Speaking of mathematics, here is another reason why, in the war on terror, the best defense is a good offense. The link is from DOF. The
spin interpretation is my own.
Speaking of spin, I admire Professor Paulos and enjoy reading his stuff, but he should get rid of the spinning dice on his web page.
I believe at one time I had five active library cards. With Digital Library Cards you can get a card at the New York Public Library, no matter where you live. If you do not live in New York City, The attraction of the card is access from home to their online databases. San Francisco has a similar deal. You may be able to get this from your local state university for free. And of course there is always inter-library loan. One way and another, we have access to way more information than had Einstein, Ben Franklin, Issac Newton, Thomas Aquinas, or Socrates. Clearly, information isn’t everything.
I do not want to minimize the value of information. If I need medicine, or clean water, or even a good cup of coffee, information will get me that. When I don’t know what I need, or what questions to ask, I need wisdom. Modern society is less good at delivering that on demand: “Now…This”:Daily News and the Death of Wisdom
And yet, like the preacher said, wisdom isn’t everything either.
Japan backs ‘patriotic teaching’
The bill would require teachers to foster “love of the nation and homeland and respect for its tradition and culture”.
“This revision would turn back the clock to the pre-war era… It is a serious violation of freedom of thought,” said Communist Party lawmaker Ikuko Ishii.
Moebius Stripper says:
When I was a kid, my father told me about a strange phenomenon, which was later explained to him, that he’d observed while eating on airplanes. Back in the seventies and early eighties, Dad travelled a lot on business, and he noticed that the slices of hard-boiled eggs he received never included any ends. Each egg slice that made its way onto his tray consisted of yellow and white concentric circles – and, even more curiously, they all appeared to be congruent. At first, my father chalked this up to coincidence – maybe he just always happened to get the middles of the eggs? – but soon, he noticed that his seatmates also received only egg middles. It was nearly a statistical impossibility that such a large random sample of egg slices would never contain the end pieces. Were the airline chefs throwing out the yolkless ends? It didn’t make any sense.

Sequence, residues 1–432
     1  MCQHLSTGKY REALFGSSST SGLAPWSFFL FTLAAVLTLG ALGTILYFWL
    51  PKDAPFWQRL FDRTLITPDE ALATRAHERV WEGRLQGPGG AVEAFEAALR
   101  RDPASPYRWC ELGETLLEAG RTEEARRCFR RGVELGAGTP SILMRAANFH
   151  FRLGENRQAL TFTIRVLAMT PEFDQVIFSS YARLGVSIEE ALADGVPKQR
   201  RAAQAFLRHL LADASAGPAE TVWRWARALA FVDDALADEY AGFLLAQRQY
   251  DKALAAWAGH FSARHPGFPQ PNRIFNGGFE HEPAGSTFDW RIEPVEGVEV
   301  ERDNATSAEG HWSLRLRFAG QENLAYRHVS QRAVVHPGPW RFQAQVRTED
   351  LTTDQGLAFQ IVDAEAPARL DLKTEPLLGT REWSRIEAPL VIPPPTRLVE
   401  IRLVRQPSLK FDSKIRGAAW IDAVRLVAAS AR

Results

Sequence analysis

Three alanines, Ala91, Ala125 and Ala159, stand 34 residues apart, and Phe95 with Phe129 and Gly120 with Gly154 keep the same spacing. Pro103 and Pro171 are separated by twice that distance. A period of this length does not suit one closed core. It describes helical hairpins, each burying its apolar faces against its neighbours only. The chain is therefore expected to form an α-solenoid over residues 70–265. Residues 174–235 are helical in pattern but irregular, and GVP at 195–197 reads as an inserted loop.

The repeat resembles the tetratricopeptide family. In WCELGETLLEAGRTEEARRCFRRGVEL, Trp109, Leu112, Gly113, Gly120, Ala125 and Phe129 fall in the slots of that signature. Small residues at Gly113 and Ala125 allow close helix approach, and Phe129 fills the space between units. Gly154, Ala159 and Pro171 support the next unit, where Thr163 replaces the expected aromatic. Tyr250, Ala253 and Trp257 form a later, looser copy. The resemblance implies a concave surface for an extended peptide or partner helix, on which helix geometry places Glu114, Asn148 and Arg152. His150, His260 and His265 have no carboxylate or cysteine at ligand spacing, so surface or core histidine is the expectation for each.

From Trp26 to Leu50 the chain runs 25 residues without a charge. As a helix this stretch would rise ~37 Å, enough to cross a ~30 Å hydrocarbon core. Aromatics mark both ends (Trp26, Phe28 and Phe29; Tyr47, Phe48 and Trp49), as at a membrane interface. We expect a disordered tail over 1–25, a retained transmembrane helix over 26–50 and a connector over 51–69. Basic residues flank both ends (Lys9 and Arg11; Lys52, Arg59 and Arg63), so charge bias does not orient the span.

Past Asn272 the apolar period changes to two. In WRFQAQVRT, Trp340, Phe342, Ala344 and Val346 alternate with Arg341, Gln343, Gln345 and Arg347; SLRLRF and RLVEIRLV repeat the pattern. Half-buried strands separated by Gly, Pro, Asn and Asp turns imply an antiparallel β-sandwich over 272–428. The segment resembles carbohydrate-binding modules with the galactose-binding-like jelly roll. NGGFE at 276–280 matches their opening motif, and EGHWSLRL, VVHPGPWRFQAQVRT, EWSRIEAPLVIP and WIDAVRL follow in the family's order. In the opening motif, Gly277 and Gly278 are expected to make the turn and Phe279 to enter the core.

How the eggs work is bad enough, but the real horror is where textbooks come from.
My math class is going very well this semester. My students are bright and motivated, I’m using a spiffy technology-enabled classroom where the technology works well, and I get to use a math textbook, Intermediate Algebra, by Larson and Hostetler. Not everyone is so fortunate. I could be stuck with Rethinking Mathematics: Teaching Social Justice by the Numbers, by Eric Gutstein and Bob Peterson.
The authors of this tome aim to “provide examples of how to weave social justice issues throughout the mathematics curriculum and how to integrate mathematics into other curricular areas”, and if the cover is one such example, then we can safely conclude that the integral of SOCIAL JUSTICE ISSUES + MATHEMATICS CURRICLUM equals GIBBERISH.
From Math class: now with more social justice (and less math)